Our findings do not question the importance of addressing obesity in preventing diabetes. The results indicate that the rising prevalence of obesity has been a major contributor to the increase in T2D (Gregg et al., 2004; Colditz et al., 1995; Ford et al., 1997). The disproportionate impact of diabetes on minorities in the U.S. is partially attributable to the higher prevalence of obesity, especially abdominal obesity in minority groups (Mokdad et al., 2000; Hertz et al., 2006; Resnick et al., 1998; Davidson, 2001; Okosun et al., 2004; Li et al., 2007). Many diabetes prevention programs already recognize this relationship and set goals to reduce diabetes risk by promoting weight loss among obese populations (Burnet et al., 2006; Liburd and Vinicor, 2003). However, our study suggests that additional efforts should be placed on preventing diabetes among minorities in non-overweight groups.
Our study also suggests that the increasing disparity in diabetes between Mexican Americans and whites is larger than that between blacks and whites. This finding is consistent with a previous study that found Latinos experienced the greatest increase in T2D among all race/ethnicity groups (McBean et al., 2004). Previous studies have suggested that acculturation and chronic stress can contribute to visceral adiposity accumulation and therefore insulin resistance (Bjorntorp, 2001; Tull et al., 2003). Since Latinos are a young, rapidly growing group in the U.S.(Guzman and Bureau, 2001), we suspect that the disparity in diabetes between Mexican Americans and whites will worsen over time if no effective interventions are implemented. There is more disparity in diabetes prevalence between normal and overweight Mexican Americans and whites now than what was described one decade ago (Stern and Mitchell, 1995). Because of the unique health beliefs and culture of Latinos (Alcozer, 2000; Caban and Walker, 2006), culturally tailored programs are likely needed for effective diabetes prevention and treatment.
It is encouraging to find diminishing racial/ethnic disparities in undiagnosed diabetes. In obese and severely obese groups, the reduced disparity was largely due to the significant reduction in the prevalence of undiagnosed diabetes across all race/ethnicity groups. This result most likely reflects the increasing public awareness of the relationship between obesity and diabetes. Improved access and quality of health care may have also contributed to better screening of diabetes in minority populations (Engelgau et al., 2000; Porterfield et al., 2004; Trivedi et al., 2005). However, among normal weight and overweight individuals, the reduction in disparities actually came about because whites had a slight increase in the prevalence of undiagnosed diabetes. More balanced efforts in screening and detection of diabetes should be adopted to reduce the undiagnosed diabetes across race/ethnicity.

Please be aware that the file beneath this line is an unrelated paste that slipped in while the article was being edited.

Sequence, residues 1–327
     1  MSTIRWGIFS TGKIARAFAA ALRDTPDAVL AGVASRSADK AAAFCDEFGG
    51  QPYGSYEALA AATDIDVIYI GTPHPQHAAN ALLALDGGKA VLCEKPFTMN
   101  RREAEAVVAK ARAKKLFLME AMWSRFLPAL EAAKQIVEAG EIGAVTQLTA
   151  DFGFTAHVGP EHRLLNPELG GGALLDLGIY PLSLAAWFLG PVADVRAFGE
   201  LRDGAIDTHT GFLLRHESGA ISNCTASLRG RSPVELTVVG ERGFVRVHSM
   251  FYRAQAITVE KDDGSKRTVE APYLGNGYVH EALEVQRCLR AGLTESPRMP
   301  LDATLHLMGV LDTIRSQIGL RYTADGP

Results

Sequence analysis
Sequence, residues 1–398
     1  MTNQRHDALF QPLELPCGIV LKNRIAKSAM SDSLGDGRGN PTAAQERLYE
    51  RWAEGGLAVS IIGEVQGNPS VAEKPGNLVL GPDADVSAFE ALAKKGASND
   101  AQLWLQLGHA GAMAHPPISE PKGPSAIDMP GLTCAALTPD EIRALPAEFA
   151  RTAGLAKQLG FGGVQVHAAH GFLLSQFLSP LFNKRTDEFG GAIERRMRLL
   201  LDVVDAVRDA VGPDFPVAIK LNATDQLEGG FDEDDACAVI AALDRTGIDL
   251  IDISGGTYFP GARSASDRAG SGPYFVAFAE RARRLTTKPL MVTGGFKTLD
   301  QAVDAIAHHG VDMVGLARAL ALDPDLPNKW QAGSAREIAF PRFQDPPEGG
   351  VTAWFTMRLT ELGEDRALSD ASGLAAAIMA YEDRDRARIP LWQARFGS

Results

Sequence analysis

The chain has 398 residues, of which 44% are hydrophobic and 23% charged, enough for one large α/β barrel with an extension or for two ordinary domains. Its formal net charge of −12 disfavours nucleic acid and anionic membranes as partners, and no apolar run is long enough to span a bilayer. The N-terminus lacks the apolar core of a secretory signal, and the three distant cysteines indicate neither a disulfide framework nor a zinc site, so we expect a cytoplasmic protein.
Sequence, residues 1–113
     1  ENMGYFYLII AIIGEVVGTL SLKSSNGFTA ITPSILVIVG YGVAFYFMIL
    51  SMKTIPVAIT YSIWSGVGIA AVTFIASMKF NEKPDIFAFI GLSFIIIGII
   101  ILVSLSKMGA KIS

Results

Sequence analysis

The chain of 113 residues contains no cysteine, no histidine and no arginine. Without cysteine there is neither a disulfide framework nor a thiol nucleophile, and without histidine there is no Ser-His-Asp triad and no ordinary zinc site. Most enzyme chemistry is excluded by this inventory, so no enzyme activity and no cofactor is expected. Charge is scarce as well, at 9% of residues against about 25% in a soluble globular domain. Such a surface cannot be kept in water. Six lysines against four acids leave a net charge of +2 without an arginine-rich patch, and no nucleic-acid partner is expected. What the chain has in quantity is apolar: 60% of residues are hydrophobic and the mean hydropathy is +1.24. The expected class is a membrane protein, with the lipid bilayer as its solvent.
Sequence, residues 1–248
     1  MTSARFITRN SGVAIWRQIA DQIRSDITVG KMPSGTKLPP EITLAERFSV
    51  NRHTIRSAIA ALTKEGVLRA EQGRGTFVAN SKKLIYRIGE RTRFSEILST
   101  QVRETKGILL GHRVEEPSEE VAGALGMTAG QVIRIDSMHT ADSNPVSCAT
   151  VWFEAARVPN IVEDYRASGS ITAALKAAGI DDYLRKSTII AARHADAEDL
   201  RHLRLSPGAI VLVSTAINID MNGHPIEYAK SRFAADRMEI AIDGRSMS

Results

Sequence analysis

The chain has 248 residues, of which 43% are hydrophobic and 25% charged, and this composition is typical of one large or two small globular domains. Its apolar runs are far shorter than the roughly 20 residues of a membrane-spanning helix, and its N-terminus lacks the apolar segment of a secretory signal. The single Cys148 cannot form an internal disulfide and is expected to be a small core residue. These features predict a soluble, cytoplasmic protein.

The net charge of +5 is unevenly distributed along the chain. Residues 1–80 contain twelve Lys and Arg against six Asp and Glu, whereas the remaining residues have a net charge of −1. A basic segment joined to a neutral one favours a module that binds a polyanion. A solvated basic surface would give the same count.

Our study has several limitations. First, the clinical diagnosis of diabetes has changed considerably over time (ADA, 1997). Therefore, self-reported diabetes may be underestimated in earlier waves of NHANES. However, based on our sensitivity analyses, changing definitions across time had limited impact on racial/ethnic disparities in the prevalence of diabetes. Second, we could not account for all demographic or clinical changes in the population in our trend analysis. Future research should examine dietary intake, physical activity, and other intermediate factors that can explain the trends in the racial disparities in diabetes across obesity levels. Lack of insulin information in NHANES I and pregnancy status in NHANES I & II limited our analyses of undiagnosed diabetes and gestational diabetes in the first two waves of NHANES. Due to the cross-sectional design of NHANES, we were unable to test the statistical significance of secular changes in racial/ethnic disparities in diabetes prevalence across body weight groups. Although obesity is a risk factor of diabetes across ethnic groups, there are other factors contributing to the ethnic disparity in diabetes. For example, minorities have been found to be less insulin-sensitive even after controlling body weight status (Haffner et al, 1996; Torrens et al., 2004). Interactions between diet, life styles, and metabolism could also be different across ethnic groups that ultimately affect the risk of both obesity and diabetes (Shai et al., 2006).
In summary, this study reminds us that BMI is only one of many factors affecting the risk for T2D. More studies should study risk factors of diabetes other than BMI in the whole spectrum of minority populations. Effective interventions, in particular lifestyle changes should certainly be promoted among high-risk groups such as the obese population, but apparently low-risk groups may benefit from such lifestyle changes as well (Tuomilehto et al., 2001; Diabetes Prevention Program Research, 2002). More resources and effective interventions are needed to target normal and overweight minorities to prevent further widening of racial/ethnic disparities in diabetes and to achieve the national goals of eliminating health disparity outlined in Healthy People 2010.
The present study is supported in part by the following research grants: National Institute of Child Health and Human Development (R03 HD056073 to Q. Z. and Y.W.); USDA/Southern Rural Development Center RIDGE Grant (Q. Z.); National Institute on Aging (K23 AG021963 to E.S.H.); National Institute of Diabetes and Digestive and Kidney Diseases (P60 DK20595 to E.S.H.); US Department of Agriculture (2044-05322 to Y. W.); National Institute of Diabetes and Digestive and Kidney Diseases (R01 DK63383 to Y. W.).